Electricity Supply Corporation of Malawi (Escom) officers, whose identities remain under wraps, were on Friday arrested for disconnecting illegally connected houses at Machinga Police Station whose bills range from K50,000 to over K300,000.
Both Escom and police officials on Monday confirmed the development.
However, police say the officers were arrested for trespassing although Escom claims that the police were notified about their visit to inspect their installations.
“Since early this year, we have been conducting a customer verification exercise. Through this exercise, we visit our installations in a number of premises to check on the installations, safety and to check whether everything is properly in place.
“On this material [day], our team was in Machinga. During the first visit, they disconnected some of the houses because they were not properly connected to our supply,” Escom Public Relations Manager, Kitty Chingota, said.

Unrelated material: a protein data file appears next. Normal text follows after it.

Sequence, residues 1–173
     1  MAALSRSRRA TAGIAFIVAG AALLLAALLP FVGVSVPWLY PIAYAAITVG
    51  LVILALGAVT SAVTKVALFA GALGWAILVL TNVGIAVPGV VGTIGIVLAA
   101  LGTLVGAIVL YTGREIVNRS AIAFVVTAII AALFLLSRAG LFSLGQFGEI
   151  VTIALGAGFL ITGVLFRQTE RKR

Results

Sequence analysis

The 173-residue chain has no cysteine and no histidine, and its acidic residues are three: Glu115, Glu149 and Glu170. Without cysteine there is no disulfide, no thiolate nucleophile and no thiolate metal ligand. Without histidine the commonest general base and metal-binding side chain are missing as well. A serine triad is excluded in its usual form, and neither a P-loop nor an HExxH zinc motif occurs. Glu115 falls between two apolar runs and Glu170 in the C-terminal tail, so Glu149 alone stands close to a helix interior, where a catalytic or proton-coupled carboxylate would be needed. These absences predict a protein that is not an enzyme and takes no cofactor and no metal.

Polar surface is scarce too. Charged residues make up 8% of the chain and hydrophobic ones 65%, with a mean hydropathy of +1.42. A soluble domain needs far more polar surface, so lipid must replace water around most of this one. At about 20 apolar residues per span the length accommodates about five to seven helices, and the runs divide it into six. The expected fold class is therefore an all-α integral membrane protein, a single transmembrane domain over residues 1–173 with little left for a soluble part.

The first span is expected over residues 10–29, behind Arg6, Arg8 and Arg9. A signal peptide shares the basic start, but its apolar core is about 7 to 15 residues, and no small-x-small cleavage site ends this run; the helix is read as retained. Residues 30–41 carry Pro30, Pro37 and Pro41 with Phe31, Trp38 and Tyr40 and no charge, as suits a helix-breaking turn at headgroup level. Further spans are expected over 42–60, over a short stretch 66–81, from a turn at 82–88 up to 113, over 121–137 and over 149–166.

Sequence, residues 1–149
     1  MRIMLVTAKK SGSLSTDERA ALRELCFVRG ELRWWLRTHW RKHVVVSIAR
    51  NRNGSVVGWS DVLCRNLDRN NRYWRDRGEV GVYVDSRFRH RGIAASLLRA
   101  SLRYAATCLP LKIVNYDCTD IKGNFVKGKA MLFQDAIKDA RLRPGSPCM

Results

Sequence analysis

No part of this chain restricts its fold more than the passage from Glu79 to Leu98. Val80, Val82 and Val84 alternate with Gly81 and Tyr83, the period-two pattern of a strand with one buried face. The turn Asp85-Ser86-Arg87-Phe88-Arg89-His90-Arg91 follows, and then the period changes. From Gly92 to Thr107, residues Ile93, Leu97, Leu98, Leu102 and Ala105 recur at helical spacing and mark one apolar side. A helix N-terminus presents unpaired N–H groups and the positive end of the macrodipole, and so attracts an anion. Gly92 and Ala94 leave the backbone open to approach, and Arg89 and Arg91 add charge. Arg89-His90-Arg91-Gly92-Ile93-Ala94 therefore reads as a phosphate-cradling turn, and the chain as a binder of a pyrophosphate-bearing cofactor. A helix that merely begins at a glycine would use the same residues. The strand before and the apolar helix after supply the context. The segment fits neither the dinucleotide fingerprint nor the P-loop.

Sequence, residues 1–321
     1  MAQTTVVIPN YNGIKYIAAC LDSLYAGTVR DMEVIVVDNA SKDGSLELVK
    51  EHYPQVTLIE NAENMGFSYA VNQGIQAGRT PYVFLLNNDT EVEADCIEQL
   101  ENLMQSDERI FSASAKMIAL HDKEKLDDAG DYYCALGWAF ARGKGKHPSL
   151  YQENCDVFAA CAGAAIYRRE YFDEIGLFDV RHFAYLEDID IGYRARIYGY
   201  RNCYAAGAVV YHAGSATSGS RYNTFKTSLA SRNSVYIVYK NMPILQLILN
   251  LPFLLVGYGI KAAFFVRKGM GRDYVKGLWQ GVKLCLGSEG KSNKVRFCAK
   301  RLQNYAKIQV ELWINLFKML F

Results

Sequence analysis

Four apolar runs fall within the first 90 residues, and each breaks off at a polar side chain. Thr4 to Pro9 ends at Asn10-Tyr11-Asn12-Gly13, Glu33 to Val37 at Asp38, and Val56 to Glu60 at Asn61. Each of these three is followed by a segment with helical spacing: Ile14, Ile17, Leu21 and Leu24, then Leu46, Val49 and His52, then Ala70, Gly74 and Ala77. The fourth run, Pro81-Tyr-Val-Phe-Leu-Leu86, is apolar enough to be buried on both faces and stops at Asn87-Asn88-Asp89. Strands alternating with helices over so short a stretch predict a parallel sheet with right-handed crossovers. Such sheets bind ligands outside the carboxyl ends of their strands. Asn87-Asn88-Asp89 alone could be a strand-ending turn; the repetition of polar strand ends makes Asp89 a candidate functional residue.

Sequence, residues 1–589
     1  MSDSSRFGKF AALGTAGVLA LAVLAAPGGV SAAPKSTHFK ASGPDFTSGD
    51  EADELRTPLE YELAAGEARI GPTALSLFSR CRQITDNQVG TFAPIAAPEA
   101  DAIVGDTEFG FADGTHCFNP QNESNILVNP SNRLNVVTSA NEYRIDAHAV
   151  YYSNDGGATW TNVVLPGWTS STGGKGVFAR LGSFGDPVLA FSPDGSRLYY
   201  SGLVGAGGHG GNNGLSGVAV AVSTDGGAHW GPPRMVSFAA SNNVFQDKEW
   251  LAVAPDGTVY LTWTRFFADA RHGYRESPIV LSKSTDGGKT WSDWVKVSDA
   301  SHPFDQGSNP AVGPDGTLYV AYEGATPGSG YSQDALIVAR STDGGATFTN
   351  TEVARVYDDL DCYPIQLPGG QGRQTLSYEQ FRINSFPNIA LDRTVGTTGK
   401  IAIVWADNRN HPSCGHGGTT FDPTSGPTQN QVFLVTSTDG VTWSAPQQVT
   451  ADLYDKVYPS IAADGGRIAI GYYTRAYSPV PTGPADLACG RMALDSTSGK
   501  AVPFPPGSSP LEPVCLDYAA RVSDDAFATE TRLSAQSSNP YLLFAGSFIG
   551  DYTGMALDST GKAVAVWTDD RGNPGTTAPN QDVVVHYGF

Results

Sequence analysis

She said on their second visit, the Escom officers discovered a house that had no meter and the owner was allegedly not paying for the electricity.
The Escom publicist said before disconnecting the house, the team had a meeting with the officer in-charge at the police station, Isaac Maluwa, who is alleged to have confessed about the illegal connections.
“Now when our staff were about to go away after disconnecting the house, they noticed that the houses within the police premises that were disconnected during the first visit had been illegally reconnected. So, when they went to disconnect again, that is now when other [police] officers came and started threatening our [Escom] officers,” Chingota explained.
She said the Escom workers were then arrested for trespassing.
Chingota said the Escom staff were later released after a lengthy discussion with Maluwa.
“When they saw those illegal reconnections, Escom had no obligation to go to beg to do their job,” she said.
But commenting on the issue, Maluwa confirmed that the Escom workers visited the police station to disconnect electricity and were arrested for entering the police compound without notifying the office of the Officer-In-Charge.
He said after the disconnection, the station liaised with Eastern Region Police and agreed how the concerned police officer should be paying their bills.
“The problem is not with the individuals who are occupying the houses; it is because we keep on changing the occupants of the houses. So, there’s no proper hand-over of those bills,” Maluwa explained
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